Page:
The renovated ground floor provides a new home for the Anna-Maria and Stephen Kellen Archives, a collection of drawings, photographs and objects documenting 20th-century design. The building hosts the Adam and
N. C. Wyeth
Newell Convers Wyeth, known as N. C. Wyeth, was illustrator, he became one of America's greatest illustrators. During his lifetime, Wyeth created more than 3,000 paintings and illustrated 112 books, 25 of them for Scribner's, the Scribner Classics, the work for which he is best known; the first of these, Treasure Island, was one of his masterpieces and the proceeds paid for his studio. Wyeth was a realist painter at a time when the camera and photography began to compete with his craft. Sometimes seen as melodramatic, his illustrations were designed to be understood quickly. Wyeth, both a painter and an illustrator, understood the difference, said in 1908, "Painting and illustration cannot be mixed—one cannot merge from one into the other."He is the father of Andrew Wyeth and the grandfather of Jamie Wyeth, both well-known American painters. Wyeth was born in Massachusetts. An ancestor, Nicholas Wyeth, a stonemason, came to Massachusetts from England in 1645. Ancestors were prominent participants in the French and Indian Wars, the Revolutionary War, the War of 1812, the American Civil War, passing down rich oral histories and tradition to Wyeth and his family and providing subject matter for his art, felt.
His maternal ancestors came from Switzerland, during his childhood, his mother was acquainted with literary giants Henry David Thoreau and Henry Wadsworth Longfellow. His literary appreciation and artistic talents appear to have come from her, he was the oldest of four brothers who spent much time hunting and enjoying other outdoor pursuits, doing chores on their farm. His varied youthful activities and his astute sense of observation aided the authenticity of his illustrations and obviated the need for models: "When I paint a figure on horseback, a man plowing, or a woman buffeted by the wind, I have an acute sense of the muscle strain."His mother encouraged his early inclination toward art. Wyeth was doing excellent watercolor paintings by the age of twelve, he went to Mechanics Arts School to learn drafting, Massachusetts Normal Art School, now Massachusetts College of Art and Design, where painting instructor Richard Andrew advised him to become an illustrator, the Eric Pape School of Art to learn illustration, under George Loftus Noyes and Charles W. Reed.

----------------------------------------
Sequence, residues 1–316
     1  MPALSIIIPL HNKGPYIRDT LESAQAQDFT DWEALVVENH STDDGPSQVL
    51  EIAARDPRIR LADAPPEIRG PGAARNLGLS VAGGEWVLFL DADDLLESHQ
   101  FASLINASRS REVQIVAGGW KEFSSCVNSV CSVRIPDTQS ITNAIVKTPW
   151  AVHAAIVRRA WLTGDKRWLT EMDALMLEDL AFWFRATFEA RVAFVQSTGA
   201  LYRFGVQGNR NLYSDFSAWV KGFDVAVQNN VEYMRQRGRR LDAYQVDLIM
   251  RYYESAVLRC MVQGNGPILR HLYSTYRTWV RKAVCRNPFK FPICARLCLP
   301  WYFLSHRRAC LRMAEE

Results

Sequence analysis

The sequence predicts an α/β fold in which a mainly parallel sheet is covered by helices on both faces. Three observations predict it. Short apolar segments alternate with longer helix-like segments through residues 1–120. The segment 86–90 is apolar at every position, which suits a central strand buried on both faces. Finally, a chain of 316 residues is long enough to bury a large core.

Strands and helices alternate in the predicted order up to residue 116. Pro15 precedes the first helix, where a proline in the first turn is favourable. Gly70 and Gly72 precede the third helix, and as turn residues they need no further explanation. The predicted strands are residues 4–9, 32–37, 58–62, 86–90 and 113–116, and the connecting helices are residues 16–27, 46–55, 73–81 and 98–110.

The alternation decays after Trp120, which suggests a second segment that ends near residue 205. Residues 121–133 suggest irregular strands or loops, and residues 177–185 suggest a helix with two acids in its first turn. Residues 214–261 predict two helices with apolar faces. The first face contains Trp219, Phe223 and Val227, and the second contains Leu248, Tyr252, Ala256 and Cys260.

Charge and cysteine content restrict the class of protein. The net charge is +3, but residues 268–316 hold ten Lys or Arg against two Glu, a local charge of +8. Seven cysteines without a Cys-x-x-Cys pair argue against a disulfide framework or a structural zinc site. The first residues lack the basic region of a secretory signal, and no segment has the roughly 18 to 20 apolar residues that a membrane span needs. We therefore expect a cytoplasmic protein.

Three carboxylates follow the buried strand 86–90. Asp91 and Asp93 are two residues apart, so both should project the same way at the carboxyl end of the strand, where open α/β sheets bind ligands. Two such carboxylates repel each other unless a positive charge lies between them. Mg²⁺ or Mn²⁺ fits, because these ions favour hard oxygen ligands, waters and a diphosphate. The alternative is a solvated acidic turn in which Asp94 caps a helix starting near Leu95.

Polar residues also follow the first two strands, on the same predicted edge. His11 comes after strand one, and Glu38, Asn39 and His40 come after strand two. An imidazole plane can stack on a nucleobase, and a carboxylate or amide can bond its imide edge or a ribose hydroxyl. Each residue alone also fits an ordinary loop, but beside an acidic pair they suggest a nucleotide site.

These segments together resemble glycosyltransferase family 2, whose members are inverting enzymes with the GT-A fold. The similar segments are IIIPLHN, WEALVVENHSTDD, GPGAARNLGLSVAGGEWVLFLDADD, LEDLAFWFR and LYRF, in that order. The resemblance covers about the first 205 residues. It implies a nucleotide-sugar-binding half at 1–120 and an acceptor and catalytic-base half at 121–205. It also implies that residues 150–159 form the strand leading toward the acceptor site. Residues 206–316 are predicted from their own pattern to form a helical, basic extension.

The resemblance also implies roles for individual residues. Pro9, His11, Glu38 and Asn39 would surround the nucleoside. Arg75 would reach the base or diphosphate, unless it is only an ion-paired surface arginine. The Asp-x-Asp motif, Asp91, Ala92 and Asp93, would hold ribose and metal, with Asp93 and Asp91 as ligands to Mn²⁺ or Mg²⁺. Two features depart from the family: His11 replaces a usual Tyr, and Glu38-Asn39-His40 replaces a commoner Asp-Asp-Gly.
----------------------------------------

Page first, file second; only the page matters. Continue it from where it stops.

A bucking bronco for the cover of The Saturday Evening Post on February 21, 1903 was Wyeth's first commission as an illustrator. That year he described his work as "true, solid American subjects—nothing foreign about them."It was a spectacular accomplishment for the 20-year-old Wyeth, after just a few months under Pyle's tutelage. In 1904, the same magazine commissioned him to illustrate a Western story, Pyle urged Wyeth to go West to acquire direct knowledge, much as Zane Grey had done for his Western novels. In Colorado, he worked as a cowboy alongside the professional "punchers," moving cattle and doing ranch chores, he gained an understanding of Native American culture. When his money was stolen, he worked as a mail carrier, riding between the Two Grey Hills trading post and Fort Defiance, to earn enough to get back home, he wrote home, "The life is wonderful, strange—the fascination of it clutches me like some unseen animal—it seems to whisper,'Come back, you belong here, this is your real home.'"On a second trip two years he collected information on mining and brought home costumes and artifacts, including cowboy and Indian clothing.
His early trips to the western United States inspired a period of images of cowboys and Native Americans that dramatized the Old West. Upon returning to Chadds Ford, he painted a series of farm scenes for Scribner's, finding the landscape less dramatic than that of the West but nonetheless a rich environment for his art: "Everything lies in its subtleties, everything is so gentle and simple, so unaffected." His painting Mowing, not done for illustration, was among his most successful images of rural life. Wyeth created a stimulating household for his talented children Andrew Wyeth, Henriette Wyeth Hurd, Carolyn Wyeth, Ann Wyeth McCoy, Nathaniel C. Wyeth. Wyeth was sociable, frequent visitors included F. Scott Fitzgerald, Joseph Hergesheimer, Hugh Walpole, Lillian Gish, John Gilbert. According to Andrew, who spent the most time with his father due to his sickly childhood, Wyeth was a strict but patient father who did not talk down to his children, his hard work as an illustrator gave his family the financial freedom to follow their own artistic and scientific pursuits.
Andrew went on to become one of the foremost American artists of the second half of the 20th century, both Henriette and Carolyn became artists also. Nathaniel became an engineer for DuPont and worked on the team that invented the plastic soda bottle. Henriette and Ann married Peter Hurd and John W. McCoy. Wyeth is the grandfather of artists Jamie Wyeth and Michael Hurd, the musician Howard Wyeth. By 1911, Wyeth began to move away on to illustrating classic literature, he painted a series for an edition of Treasure Island, by Robert Louis Stevenson, thought by many to be his finest group of illustrations. The proceeds from this great success paid for his studio, he illustrated editions of Kidnapped, Robin Hood, The Last of the Mohicans, Robinson Crusoe, Rip Van Winkle, The White Company, The Yearling. He did work for prominent periodicals, including Century, Harper's Monthly, Ladies' Home Journal, McClure's, The Popular Magazine, Scribner's. By 1914, Wyeth loathed the commercia